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Abortion question one step closer to Arkansas’ November ballot

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(The Center Square) – Arkansans for Limited Government submitted more than 100,000 signatures to Secretary of State John Thurston on Friday for a constitutional amendment that would allow abortion up to 18 weeks of pregnancy.

The amendment also prevents the state from banning abortion in cases of rape, incest, the mother’s health or fatal fetal anomaly.

The organization turned in more than 100,000 signatures. State law requires 90,704 signatures for a constitutional amendment and 72,563 for initiated acts.

Signatures must be collected in 50 of the state’s 75 counties. Arkansans for Limited Government said signatures were collected in all 75 counties.

“Healthcare decisions, including decisions about reproductive health, should be made between patients and their healthcare team,” said Lauren Cowles, executive director of Arkansans for Limited Government. “Right now, Arkansas is the most dangerous place in the country to be pregnant. Not only does Arkansas have the highest maternal mortality rate in the nation, nearly half of Arkansas counties are maternity healthcare deserts, meaning they have no obstetric providers or options for delivery care. Arkansas deserves better than that.”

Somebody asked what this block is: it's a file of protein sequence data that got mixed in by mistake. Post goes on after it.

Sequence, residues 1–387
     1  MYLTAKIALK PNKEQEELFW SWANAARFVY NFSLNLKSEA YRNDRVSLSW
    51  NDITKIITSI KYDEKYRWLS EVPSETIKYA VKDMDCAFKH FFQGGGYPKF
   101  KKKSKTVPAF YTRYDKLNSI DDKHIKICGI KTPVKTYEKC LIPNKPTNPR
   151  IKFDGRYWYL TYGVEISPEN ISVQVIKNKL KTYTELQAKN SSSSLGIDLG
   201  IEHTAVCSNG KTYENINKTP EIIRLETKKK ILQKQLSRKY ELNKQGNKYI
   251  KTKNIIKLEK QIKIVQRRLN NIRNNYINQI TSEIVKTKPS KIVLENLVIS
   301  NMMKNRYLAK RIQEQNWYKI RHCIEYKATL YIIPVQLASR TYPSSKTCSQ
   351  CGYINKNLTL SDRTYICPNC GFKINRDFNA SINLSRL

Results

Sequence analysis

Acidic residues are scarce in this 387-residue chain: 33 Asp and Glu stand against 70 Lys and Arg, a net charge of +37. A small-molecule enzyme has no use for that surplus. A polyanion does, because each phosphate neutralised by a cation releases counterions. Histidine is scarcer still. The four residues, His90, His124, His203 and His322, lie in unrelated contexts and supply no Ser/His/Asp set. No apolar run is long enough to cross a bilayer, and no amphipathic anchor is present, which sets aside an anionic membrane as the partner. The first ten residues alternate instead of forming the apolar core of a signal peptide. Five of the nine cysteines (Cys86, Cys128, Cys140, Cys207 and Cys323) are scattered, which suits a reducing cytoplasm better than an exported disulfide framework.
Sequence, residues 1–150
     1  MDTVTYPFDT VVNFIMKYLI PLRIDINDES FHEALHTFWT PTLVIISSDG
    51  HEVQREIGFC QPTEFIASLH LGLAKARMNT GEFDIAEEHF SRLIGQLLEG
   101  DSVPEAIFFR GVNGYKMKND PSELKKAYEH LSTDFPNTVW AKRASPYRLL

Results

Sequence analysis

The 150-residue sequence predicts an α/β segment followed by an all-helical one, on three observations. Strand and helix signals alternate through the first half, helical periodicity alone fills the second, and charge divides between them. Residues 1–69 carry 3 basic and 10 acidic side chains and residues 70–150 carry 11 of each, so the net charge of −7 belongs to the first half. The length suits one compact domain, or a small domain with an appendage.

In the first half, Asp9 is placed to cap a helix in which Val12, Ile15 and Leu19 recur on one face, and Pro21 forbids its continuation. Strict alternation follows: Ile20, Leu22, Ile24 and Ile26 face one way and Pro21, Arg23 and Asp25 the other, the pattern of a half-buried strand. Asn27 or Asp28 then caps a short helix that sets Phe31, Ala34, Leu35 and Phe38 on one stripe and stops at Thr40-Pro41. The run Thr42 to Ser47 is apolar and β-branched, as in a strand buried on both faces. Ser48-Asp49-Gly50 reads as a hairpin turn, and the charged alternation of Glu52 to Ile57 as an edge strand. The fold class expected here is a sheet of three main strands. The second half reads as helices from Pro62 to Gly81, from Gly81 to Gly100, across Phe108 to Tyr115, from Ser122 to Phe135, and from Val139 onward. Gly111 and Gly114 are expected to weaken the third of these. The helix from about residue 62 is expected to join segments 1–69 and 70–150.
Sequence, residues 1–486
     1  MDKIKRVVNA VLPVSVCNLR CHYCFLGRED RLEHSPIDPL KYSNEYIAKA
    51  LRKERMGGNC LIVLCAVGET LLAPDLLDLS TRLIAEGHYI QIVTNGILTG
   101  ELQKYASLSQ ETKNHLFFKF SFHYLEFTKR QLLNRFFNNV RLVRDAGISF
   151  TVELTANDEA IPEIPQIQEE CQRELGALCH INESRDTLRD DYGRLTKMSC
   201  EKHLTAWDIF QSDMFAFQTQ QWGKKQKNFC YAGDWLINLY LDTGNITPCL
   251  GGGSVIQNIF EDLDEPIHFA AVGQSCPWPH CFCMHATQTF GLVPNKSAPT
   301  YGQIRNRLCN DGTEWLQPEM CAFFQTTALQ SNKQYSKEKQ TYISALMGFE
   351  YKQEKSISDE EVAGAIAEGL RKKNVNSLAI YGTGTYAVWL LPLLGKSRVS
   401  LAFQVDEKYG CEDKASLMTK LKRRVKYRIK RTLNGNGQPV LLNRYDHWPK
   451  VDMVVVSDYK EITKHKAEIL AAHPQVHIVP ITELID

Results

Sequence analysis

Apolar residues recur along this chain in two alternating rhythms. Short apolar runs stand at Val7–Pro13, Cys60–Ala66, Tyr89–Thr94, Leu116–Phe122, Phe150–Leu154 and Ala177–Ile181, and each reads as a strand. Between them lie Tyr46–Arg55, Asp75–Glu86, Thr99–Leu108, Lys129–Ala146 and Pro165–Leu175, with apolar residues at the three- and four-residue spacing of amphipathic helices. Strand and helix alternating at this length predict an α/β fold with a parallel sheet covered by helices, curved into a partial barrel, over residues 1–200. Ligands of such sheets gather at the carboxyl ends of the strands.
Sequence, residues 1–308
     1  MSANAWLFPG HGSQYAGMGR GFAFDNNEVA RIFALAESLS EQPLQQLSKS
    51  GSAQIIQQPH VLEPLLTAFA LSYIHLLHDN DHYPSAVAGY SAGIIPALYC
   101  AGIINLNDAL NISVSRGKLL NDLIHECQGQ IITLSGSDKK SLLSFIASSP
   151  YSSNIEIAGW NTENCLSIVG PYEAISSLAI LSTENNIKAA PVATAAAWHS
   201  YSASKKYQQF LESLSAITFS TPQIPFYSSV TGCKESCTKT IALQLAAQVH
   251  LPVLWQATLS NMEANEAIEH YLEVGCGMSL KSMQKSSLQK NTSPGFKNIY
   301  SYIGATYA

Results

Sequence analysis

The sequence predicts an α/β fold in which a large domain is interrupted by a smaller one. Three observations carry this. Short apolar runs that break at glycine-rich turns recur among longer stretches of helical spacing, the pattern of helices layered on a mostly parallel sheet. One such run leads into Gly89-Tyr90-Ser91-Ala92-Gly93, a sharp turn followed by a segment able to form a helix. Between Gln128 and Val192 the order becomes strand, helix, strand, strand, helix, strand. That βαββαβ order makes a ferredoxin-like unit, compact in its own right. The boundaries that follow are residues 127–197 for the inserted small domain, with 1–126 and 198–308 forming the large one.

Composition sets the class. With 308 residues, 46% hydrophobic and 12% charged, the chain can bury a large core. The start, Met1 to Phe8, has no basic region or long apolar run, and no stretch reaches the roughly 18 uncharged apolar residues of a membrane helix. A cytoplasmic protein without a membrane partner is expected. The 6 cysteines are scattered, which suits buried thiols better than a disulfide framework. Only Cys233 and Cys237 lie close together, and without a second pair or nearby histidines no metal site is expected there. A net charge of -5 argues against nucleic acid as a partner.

After the U.S. Supreme Court overturned the Roe v. Wade decision in 2022, then Gov. Asa Hutchinson and then-Attorney General Leslie Rutledge banned abortion except in cases where the mother’s life is in danger.

Thurston must certify the signatures before the issue can appear on the ballot.

Two other groups also turned in signatures on Friday afternoon, a spokesperson for the Secretary of State’s Office told The Center Square.

A petition from the group Local Voters in Charge would require counties to approve casinos by a vote.

The office also received signatures from a group wanting to expand medical marijuana access by removing the fee for a card that will expire in three years instead of one.

The Arkansas Period Poverty Project submitted a petition at the last minute. If the signatures are certified and voters approve the measure, the sales tax on menstrual products and diapers for children and adults would be removed.

For AR Kids, which is spearheading a ballot initiative entitled the “Educational Rights Amendment of 2024,” said in a social media post on Friday that the group did not get enough signatures to appear on the ballot. The proposed amendment would require private schools to adhere to the same standards as public schools. The group said it will resubmit its petition request to get it on the 2026 ballot.

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